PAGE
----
As most of you know, I’m deep into my research on beauty within the works of C.S. Lewis. Recently, I discovered some old parchments in the bowels of the Bodleian Library. I was not supposed to be in this particular room. The old oak shelves rose floor to ceiling, stacked full of ancient books. Near the end of aisle seven, I pulled what I believed to be a book on Old Norse mythology. What I found was a rickety old box deceptively painted like a book.
Inside I found a treasure; ancient parchments from ninth century Iceland. I'm slowly translating them and have found them to be a series of discussions between two liminal beings, what we might call gods or angels or daemons (in the classical sense), about “the Good.” The older god refers to himself as Gangari, meaning “Wanderer.” He addresses the younger god as Balder, meaning “Beautiful."
I have taken some poetic liberties in my translation to improve their readability. I’ll try to add more of their conversations each week. Enjoy.
The Bramble Ruin
"I am working on my chug,” he said as the shadows danced in the flickerlow glow. I knew what he meant. He was soaking it all in; gathering the glory.
This was our first meeting. Prior, we communicated through emails and texts. I was pleased he stopped by, even if it was for just a fire and a drink.
“It’s a good fire,” I added. “How’s your work going?”
“It’s good,” he said. “Well, by ‘good,’ you know what I mean. It’s not Good like you and I know Good. But in the more common meaning."
“Yes, I know what you mean. But I’d love to hear you explain this ‘good.’ It is rather dreadful some are using it at all, but I get it. Times change."
Balder could describe things better than most. It was a gift. But even more than this great gift, he was able to make the things he described. I once found him in some lowly forgotten garden that was planted around a ruin ages before. He didn’t hear me for the evening birdsong. I quietly watched as he pulled the brambles from the earth and painted them with berries and blossoms. They climbed the ruin walls with haunting glory. When he finished we celebrated by inviting a parade of Lampyridae—fireflies.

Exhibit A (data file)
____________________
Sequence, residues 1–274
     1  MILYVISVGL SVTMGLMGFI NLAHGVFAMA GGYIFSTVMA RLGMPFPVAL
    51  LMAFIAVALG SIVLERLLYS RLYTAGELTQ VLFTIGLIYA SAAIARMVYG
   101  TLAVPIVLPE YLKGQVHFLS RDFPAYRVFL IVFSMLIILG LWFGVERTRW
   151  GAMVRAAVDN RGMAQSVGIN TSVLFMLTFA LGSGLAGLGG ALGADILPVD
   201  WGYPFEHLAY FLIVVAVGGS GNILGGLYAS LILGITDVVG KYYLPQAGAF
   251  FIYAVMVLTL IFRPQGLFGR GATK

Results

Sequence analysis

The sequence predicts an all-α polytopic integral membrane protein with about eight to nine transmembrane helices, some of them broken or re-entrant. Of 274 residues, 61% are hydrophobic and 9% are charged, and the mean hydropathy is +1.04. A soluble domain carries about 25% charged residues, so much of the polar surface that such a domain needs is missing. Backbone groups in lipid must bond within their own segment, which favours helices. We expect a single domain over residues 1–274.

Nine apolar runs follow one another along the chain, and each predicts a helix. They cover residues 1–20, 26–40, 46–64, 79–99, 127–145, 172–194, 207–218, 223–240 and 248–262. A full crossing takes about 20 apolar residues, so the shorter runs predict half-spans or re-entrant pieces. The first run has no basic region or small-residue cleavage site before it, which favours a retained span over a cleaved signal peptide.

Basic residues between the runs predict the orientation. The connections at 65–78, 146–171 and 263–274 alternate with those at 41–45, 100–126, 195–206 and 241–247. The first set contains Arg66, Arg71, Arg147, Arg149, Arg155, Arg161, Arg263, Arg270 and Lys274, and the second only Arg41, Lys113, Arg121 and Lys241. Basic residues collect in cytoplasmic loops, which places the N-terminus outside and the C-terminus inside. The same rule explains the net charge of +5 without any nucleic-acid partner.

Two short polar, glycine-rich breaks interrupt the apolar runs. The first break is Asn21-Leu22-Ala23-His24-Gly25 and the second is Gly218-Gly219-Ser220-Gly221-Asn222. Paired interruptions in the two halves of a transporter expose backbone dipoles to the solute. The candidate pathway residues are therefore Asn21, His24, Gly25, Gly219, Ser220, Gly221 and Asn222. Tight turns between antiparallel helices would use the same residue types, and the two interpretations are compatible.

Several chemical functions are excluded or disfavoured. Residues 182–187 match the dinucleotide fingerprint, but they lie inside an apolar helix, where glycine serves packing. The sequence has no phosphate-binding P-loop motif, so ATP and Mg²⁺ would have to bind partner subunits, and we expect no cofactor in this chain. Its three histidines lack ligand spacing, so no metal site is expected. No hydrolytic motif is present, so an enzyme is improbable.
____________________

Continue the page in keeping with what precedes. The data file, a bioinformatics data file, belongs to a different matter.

But as gifted as he was, Balder was often discouraged in his work due to his pure naïveté. He was a hopeless romantic.
“Well,” he said as he finished his drink and began pacing in front of the fire, “as you know, I’ve had to work hard at reinventing myself. In the past my work stood on its own merit. Remember the old bramble ruin you watched me revive? The village marveled at the the contrast of thorns and blossoms, the twisting and color. And they worshipped. It's form and value, I tell you. I know you know this."
“Ah yes, the bramble ruin. I remember with great delight!"
“Now," he continued, "a flowering bramble ruin elicits pleasure, but the pleasure ends in mere sensuality."
“You must always remember, Balder, the Dark Elves work fast. They focus on changing the thought of the Children so that they esteem form over value. Indeed, they sunder beauty in fragments hoping to kill its power."
“Yes, I understand that now. But I feel like a hermit now, off somewhere building objects I feel are full of the thickness of the heavens. But no one seems to notice."
He grabbed his glass and filled it. The fire breathed low, and cast long shadows into the darkness.
“Let’s keep meeting here and discuss this further," I said, "The Children cannot walk outside of themselves; the thickness is inside of them as well. Let us discuss a new bramble ruin. One that carries the thickness.
If enough of the Children rediscover the thickness, then perhaps we can revive your work. The Dark Elves love to twist the Good, which blinds the Children to your work—the work of the Beautiful."
Timothy Willard loves to sit with his wife by the bonfire and make up stories about Tom the Backyard-Badger for his three lovely daughters. When he's not carving up the Appalachian Mountains on his Salsa El Mariachi, you can find him busy writing a book, collaborating on a book, or reading a book written by someone dead and gone. Timothy studied beauty in the works of C.S. Lewis under theologian Alister McGrath. The author of five books, including Veneer: Living Deeply in a Surface Society (Zondervan), Timothy is currently finishing The Life-Changing Adventure of Chasing Beauty (Eerdmans, 2019), preparing his doctoral thesis for publication, and trying to find a publisher for his first novel The Tempest and the Bloom. He lives somewhere in the south Charlotte woods.